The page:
The Red River Valley Writing Project has received a $20,000 grant to enhance teacher leadership. The project offers regional teachers professional development opportunities, including institutes held at NDSU and the University of North Dakota, that consider local needs and the expertise of effective local teachers.
The U.S. Department of Education’s Supporting Effective Educator Development grant will allow Kelly Sassi, assistant professor of English and education, and her UND colleague Kim Donehower, associate professor of English, to develop a 2013 summer institute at NDSU that focuses on writing across content areas. With the support of the grant, Sassi said she hopes to better prepare K-16 teachers for the growing challenges they face in the classroom.
“Teachers in eastern North Dakota and western Minnesota, like teachers across the nation, are facing the challenges of redesigning their curriculum to meet the new writing demands of the Common Core State Standards,” Sassi said.
NDSU also hosted the 2012 summer institute, held July 16-27 with pre-institute meetings May 18-19. Five follow-up meetings are scheduled this fall for the 13 teachers who participated under the direction of Sassi and Grand Forks Central High School Spanish teacher Pam Fisher, who serves as outreach coordinator for the Red River Valley Writing Project.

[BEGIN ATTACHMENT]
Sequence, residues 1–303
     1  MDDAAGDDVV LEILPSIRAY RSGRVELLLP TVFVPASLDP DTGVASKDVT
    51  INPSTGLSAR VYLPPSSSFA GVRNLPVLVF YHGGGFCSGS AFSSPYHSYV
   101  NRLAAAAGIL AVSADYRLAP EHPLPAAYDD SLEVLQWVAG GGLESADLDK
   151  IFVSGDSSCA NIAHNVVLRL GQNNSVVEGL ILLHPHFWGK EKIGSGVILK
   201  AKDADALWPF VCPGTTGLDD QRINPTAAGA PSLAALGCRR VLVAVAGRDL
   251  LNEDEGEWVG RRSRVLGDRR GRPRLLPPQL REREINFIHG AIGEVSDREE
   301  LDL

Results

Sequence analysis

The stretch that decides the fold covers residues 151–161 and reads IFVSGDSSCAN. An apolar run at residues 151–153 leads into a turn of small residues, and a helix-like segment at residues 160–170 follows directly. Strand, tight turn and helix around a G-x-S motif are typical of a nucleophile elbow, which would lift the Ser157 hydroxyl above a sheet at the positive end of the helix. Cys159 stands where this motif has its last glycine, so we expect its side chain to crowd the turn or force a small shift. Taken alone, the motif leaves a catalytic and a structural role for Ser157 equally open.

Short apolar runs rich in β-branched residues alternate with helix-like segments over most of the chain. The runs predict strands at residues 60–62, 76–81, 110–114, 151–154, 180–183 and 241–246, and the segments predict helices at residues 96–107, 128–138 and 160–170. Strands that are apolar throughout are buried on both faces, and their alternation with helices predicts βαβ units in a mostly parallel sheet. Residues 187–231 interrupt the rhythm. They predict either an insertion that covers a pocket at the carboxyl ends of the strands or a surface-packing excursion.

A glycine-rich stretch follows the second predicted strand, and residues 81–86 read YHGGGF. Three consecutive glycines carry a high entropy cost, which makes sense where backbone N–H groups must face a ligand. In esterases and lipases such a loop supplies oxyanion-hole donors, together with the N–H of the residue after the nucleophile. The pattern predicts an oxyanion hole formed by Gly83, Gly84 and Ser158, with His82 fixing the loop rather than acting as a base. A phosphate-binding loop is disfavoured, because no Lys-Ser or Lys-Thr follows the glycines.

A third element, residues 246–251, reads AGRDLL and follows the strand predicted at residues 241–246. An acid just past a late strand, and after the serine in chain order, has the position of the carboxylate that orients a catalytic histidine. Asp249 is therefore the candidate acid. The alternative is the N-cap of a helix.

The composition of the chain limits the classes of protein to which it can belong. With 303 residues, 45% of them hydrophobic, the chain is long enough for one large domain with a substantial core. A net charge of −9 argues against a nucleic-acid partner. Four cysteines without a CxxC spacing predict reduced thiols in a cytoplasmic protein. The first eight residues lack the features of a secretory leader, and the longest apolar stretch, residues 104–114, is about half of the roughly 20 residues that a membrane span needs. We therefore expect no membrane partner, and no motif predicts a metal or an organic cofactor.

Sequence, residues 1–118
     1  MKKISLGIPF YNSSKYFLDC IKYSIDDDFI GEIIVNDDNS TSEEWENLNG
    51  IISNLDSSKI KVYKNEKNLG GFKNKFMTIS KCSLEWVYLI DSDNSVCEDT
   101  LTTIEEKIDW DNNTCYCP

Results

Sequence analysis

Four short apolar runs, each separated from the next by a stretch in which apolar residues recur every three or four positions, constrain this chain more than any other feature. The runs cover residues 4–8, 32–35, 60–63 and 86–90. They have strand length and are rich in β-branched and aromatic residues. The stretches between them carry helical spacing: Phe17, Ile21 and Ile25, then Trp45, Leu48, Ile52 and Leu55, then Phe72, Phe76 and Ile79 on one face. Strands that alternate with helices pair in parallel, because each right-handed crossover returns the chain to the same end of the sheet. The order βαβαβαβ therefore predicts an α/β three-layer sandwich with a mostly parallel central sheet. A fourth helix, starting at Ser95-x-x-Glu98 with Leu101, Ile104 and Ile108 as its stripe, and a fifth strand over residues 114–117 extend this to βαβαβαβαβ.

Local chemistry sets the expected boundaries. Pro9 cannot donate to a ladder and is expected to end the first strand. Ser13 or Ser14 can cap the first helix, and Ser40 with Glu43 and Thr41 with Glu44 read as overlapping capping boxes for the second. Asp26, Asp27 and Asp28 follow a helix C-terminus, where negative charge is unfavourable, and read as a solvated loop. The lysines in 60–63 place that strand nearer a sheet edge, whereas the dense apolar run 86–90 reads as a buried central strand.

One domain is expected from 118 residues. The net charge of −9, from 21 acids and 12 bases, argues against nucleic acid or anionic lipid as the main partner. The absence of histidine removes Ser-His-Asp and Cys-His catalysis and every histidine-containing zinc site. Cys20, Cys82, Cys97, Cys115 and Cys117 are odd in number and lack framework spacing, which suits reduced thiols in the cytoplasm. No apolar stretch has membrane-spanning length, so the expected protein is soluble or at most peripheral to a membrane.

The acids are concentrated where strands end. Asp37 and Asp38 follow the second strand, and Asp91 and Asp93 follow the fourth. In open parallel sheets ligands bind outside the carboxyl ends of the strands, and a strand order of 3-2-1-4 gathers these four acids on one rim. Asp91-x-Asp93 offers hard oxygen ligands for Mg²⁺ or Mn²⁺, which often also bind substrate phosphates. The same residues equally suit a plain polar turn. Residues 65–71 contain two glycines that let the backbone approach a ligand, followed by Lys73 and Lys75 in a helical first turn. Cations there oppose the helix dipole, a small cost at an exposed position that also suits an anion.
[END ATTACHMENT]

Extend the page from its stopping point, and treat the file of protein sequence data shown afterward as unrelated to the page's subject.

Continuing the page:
The summer of 2013 will be the 13th consecutive year the Red River Valley Writing Project has received funding through the National Writing Project, a network of 210 university sites that aims to increase the quality of student literacy and writing through programs that improve teachers’ knowledge and understanding of writing.
“Teachers today need time and space to do meaningful professional work in an environment where they and their work are respected,” Sassi said. “With this grant funding, the Red River Valley Writing Project can provide teachers with that professional home.”
More information on the Red River Valley Writing Project is available atwww.rrvwp.org.
NDSU is recognized as one of the nation’s top 108 public and private universities by the Carnegie Commission on Higher Education.